• Engineer Chris Arai has spent more than 15 years fireproofing his Sonoma County home, outfitting it with a solar-powered sprinkler system, flame-repellant window gel, and a concrete basement he poured by hand.
  • When the Kincade Fire ripped through Arai's rural community last year, the engineer's home was the only one that survived the blaze.
  • We took a look inside his house and heard what one expert had to say about Arai's safety measures.
  • View more episodes of Business Insider Weekly on Facebook.

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Devastating wildfires in California have burnt countless homes to the ground and displaced thousands of residents in the past few years.

Chris Arai is determined to not let that happen to him.

Arai, an electrical engineer from Healdsburg in Sonoma County, lives in an especially fire-prone area. When the Kincade blaze swept through his rural community in 2019, Arai's was the only house on his ridge that was left standing after the smoke cleared.

That's because 15 years earlier, back in 2004, Arai began dedicating himself to fireproofing his home. His painstaking fire-prevention techniques include a concrete basement he poured by hand, a fire-repellent gel he coats his windows with, and a sprinkler system that dampens surrounding vegetation to prevent fires from consuming them.

The Kincade Fire burned nearly 200 residential buildings to the ground but not Arai's.

"Definitely the DIY aspect saved the house," he told Business Insider Today.

We visited Arai and saw firsthand the incredible lengths he went to fireproof his home.

The Kincade Fire ripped through Sonoma County, California, in 2019, destroying or damaging more than 400 buildings, including almost 200 homes.

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Noah Berger / AP

Over the past few years, thousands of Californians have been displaced because of fires that are increasingly threatening and unpredictable.

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Austin Meyer for Business Insider Today

Chris Arai's home in Healdsburg was unaffected by the Kincade Fire. It was the only house on his ridge that was left standing when the smoke had cleared.

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Austin Meyer for Business Insider Today

Arai had dedicated himself to making his home able to withstand wildfires

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Austin Meyer for Business Insider Today

starting with the solar panels on top of his metal roof. The panels power his house as well as a sprinkler system surrounding his property.

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Austin Meyer for Business Insider Today

The solar-powered sprinkler system dampens vegetation as far as 45 feet around his house. "They can put a fair bit of water down out there that keeps those grasses, those lower fuels from catching," Arai said.

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Austin Meyer for Business Insider Today

The walls of Arai's house are made from a lime plaster that absorbs moisture.

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Austin Meyer for Business Insider Today

And when a fire is approaching, he smears his windows with this flame-repellent hydrogel.

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Austin Meyer for Business Insider Today

Downstairs, in the basement, the walls are made with with Durisol, a fire-resistant material. "It's filled with concrete and steel with insulation on the outside. So it's a foot thick," Arai said.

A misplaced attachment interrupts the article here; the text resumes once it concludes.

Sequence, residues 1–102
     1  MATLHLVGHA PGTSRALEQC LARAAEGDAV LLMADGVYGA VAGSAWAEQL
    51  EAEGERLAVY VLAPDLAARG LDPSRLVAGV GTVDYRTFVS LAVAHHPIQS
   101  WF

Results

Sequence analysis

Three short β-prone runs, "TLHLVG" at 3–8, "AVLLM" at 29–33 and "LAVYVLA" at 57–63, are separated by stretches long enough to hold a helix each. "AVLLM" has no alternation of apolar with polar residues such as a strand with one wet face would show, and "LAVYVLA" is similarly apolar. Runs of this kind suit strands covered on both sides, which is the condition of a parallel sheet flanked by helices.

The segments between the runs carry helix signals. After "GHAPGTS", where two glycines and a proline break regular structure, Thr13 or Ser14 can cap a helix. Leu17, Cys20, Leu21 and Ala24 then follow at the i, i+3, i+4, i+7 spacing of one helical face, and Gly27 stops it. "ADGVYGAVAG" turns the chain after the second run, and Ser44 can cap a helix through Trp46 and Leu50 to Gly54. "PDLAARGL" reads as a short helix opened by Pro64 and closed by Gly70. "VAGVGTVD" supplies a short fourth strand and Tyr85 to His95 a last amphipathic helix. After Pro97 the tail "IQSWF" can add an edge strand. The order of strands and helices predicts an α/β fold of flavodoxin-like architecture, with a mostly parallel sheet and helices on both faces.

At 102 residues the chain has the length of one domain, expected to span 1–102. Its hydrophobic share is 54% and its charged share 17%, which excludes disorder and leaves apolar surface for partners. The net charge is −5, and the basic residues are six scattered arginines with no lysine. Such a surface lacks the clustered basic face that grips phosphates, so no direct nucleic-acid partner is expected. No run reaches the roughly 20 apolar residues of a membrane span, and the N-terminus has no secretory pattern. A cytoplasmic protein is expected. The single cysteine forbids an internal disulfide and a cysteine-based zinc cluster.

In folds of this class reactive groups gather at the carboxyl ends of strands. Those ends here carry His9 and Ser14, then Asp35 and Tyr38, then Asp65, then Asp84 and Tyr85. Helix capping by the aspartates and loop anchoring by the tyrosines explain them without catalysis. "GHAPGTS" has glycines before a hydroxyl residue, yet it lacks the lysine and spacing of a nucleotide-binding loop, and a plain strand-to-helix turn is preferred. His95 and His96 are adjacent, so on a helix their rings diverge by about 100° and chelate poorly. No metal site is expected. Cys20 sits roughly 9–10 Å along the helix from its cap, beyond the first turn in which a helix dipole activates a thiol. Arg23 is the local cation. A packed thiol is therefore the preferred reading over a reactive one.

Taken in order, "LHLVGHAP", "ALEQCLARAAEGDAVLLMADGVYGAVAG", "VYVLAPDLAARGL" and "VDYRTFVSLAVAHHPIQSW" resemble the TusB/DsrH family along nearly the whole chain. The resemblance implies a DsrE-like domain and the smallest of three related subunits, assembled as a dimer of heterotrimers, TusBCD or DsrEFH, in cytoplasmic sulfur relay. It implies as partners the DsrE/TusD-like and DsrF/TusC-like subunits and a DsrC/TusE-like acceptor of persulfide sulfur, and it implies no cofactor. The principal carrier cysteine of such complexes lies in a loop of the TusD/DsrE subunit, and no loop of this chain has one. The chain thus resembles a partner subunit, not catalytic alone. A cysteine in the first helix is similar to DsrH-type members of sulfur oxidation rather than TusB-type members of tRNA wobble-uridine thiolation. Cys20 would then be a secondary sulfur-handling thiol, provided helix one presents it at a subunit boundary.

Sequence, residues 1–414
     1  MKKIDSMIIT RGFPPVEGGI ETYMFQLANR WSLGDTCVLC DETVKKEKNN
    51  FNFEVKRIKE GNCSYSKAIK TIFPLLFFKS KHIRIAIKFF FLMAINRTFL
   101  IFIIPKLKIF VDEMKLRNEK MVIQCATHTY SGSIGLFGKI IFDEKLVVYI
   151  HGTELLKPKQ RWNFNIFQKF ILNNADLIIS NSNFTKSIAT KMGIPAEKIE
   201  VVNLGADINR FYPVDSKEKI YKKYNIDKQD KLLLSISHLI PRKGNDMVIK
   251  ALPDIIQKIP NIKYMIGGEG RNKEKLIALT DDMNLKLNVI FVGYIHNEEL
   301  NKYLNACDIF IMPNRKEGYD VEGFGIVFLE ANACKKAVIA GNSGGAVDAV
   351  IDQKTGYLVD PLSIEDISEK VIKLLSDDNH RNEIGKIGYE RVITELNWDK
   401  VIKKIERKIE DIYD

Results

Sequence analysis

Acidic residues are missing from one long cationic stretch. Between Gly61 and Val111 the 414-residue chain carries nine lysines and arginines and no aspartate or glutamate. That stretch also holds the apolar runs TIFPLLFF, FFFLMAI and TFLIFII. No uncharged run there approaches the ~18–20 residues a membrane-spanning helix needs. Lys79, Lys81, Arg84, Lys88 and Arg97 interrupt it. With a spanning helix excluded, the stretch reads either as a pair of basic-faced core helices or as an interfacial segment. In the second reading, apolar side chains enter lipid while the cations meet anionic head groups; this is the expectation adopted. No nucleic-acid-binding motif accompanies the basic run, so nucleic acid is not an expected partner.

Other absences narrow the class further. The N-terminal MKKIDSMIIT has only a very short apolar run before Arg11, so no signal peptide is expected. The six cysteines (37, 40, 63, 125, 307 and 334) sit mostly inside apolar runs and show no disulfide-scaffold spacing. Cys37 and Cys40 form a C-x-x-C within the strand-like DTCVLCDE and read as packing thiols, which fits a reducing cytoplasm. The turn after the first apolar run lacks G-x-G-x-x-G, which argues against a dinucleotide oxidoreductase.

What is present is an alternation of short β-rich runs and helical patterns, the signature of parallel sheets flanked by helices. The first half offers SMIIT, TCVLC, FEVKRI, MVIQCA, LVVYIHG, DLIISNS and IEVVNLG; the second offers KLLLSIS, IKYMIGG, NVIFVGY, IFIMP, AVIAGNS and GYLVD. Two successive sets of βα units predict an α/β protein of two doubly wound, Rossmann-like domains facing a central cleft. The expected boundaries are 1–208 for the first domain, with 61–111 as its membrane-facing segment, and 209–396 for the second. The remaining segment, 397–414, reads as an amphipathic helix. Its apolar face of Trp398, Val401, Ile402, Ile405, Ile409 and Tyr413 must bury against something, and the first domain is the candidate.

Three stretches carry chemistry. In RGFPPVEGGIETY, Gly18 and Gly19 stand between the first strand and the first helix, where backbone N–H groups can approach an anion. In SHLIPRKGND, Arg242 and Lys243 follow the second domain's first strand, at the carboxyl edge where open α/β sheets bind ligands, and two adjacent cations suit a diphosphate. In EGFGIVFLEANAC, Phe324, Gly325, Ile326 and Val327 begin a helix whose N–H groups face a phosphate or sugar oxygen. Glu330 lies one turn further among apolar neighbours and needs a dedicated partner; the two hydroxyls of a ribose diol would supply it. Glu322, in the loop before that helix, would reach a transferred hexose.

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Austin Meyer for Business Insider Today

Here's a look at the valves for his sprinkler system

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Austin Meyer for Business Insider Today

and the "massive" batteries that provide power. Arai hand-poured the concrete his basement floor is made of.

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Austin Meyer for Business Insider Today

Arai's efforts were put to the test in 2019 during the Kincade Fire. Video captured his house withstanding the blaze after he and his wife Tess had evacuated. "Tess asked me, are you sure that we're going to survive? And I said, well, I can't be 100% sure. I'm 95-plus."

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Courtesy Chris Arai

Amazingly, Arai came home to find his house still intact. "I get to the bottom of where our driveway actually starts, and I could see the corner of the building, and it was still in its original cover color, with what looked like a bit of roof on it," he said.

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Austin Meyer for Business Insider Today

Arai's safety measures earned praise from David Shew, a retired firefighter who now consults for the tech startup Zesty AI. The company uses AI to help insurance companies assess how at-risk properties are.

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Austin Meyer for Business Insider Today

"He did a lot of the right things he had a lot of the boxes checked off," Shew said while watching a video of Arai's home. "It's really the attention to detail and then the ongoing maintenance for it as time goes on."

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Austin Meyer for Business Insider Today

But for Arai, making it through the fire was bittersweet, as many of his neighbors were forced to move when their homes were destroyed. "I'm happy to have survived it," Arai said. "But you know, I'm very unhappy that I lost all my neighbors."

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Austin Meyer for Business Insider Today

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